Have you ever wanted to talk about something when you didn’t have all the details? Or have you held a secret that begged to be told? The secret has a life of its own in a separate fantasy world. Is it real or is it really make believe? Well, I am at that place. There is so much I want to spill about my books and publication, but anything I might say would be part of my dream world. Therefore, I want to share what I can without crossing the fantasy line.

175Hold Me Close and Surround Me, Books One and Two in the Revolutionary Faith series, are no longer available from my previous publisher. I pulled them in order for the books to be republished and released by my current publisher.  Although I think you can still find copies of the original books on Amazon, no new copies of that edition are being printed. I will miss the covers and the content, yet I’m so excited about the possibility of the new release and the publication of books three and four!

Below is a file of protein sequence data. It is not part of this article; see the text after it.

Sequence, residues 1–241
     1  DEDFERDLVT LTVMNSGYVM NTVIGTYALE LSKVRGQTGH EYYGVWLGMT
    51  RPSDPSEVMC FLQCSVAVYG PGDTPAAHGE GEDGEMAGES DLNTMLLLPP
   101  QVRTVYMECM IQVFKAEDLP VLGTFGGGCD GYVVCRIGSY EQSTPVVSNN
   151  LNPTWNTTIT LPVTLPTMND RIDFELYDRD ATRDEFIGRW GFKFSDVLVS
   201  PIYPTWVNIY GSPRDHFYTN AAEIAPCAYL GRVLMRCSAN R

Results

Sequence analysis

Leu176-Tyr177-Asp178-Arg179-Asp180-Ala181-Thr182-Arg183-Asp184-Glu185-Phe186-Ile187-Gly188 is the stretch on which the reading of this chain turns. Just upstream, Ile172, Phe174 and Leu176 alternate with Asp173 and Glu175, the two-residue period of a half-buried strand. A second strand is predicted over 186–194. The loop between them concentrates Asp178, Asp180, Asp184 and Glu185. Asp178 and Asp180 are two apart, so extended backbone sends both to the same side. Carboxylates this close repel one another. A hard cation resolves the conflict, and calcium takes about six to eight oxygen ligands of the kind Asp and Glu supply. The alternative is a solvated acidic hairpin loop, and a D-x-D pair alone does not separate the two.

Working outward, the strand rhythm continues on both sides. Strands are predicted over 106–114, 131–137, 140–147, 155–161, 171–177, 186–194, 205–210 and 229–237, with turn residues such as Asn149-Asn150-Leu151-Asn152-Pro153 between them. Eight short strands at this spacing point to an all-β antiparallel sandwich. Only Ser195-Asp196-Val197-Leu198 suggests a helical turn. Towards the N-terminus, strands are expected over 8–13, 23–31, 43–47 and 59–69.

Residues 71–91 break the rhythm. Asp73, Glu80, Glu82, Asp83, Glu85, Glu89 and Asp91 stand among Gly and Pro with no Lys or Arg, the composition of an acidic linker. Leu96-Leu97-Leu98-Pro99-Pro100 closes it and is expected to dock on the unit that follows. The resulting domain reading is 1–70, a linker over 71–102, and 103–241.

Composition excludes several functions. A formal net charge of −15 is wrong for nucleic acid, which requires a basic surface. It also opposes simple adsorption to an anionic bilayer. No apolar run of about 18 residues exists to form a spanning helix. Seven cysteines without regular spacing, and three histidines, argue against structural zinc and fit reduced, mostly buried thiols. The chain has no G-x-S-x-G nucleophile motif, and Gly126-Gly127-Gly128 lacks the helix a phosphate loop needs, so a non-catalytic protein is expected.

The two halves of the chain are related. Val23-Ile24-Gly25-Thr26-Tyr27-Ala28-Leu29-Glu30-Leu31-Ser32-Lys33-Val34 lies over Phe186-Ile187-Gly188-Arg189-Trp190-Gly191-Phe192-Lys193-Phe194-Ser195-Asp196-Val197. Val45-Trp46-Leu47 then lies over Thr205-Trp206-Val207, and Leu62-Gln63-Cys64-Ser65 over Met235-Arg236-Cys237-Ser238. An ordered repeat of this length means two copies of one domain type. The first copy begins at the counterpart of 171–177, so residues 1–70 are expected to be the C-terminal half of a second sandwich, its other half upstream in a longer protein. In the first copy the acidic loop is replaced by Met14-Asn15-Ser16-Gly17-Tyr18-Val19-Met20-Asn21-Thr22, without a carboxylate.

Below are hints of the new covers. They are beautifully designed by Roseanna White. Can’t wait for the formal reveal.

New covers, rewrites, new audiences, new potential…my excitement bubbles. I hope you will continue the journey with me. I promise to give you the information on release dates, giveaways, etc. I wish I could share a date, but I don’t have it to share. I just know everything is lining up for an announcement soon.

Stayed tuned and keep reading….

 

Quiet and Alone

IMG_5456On an average day I speak to and listen to over a hundred individuals. I’m a teacher who has 90 students. During the workday, I’m never alone. There is always noise–I need my classes to be that way since I teach Spanish. Communication is the goal! It is true when I am home the noise is not as varied, only my husband, kittens, and the TV.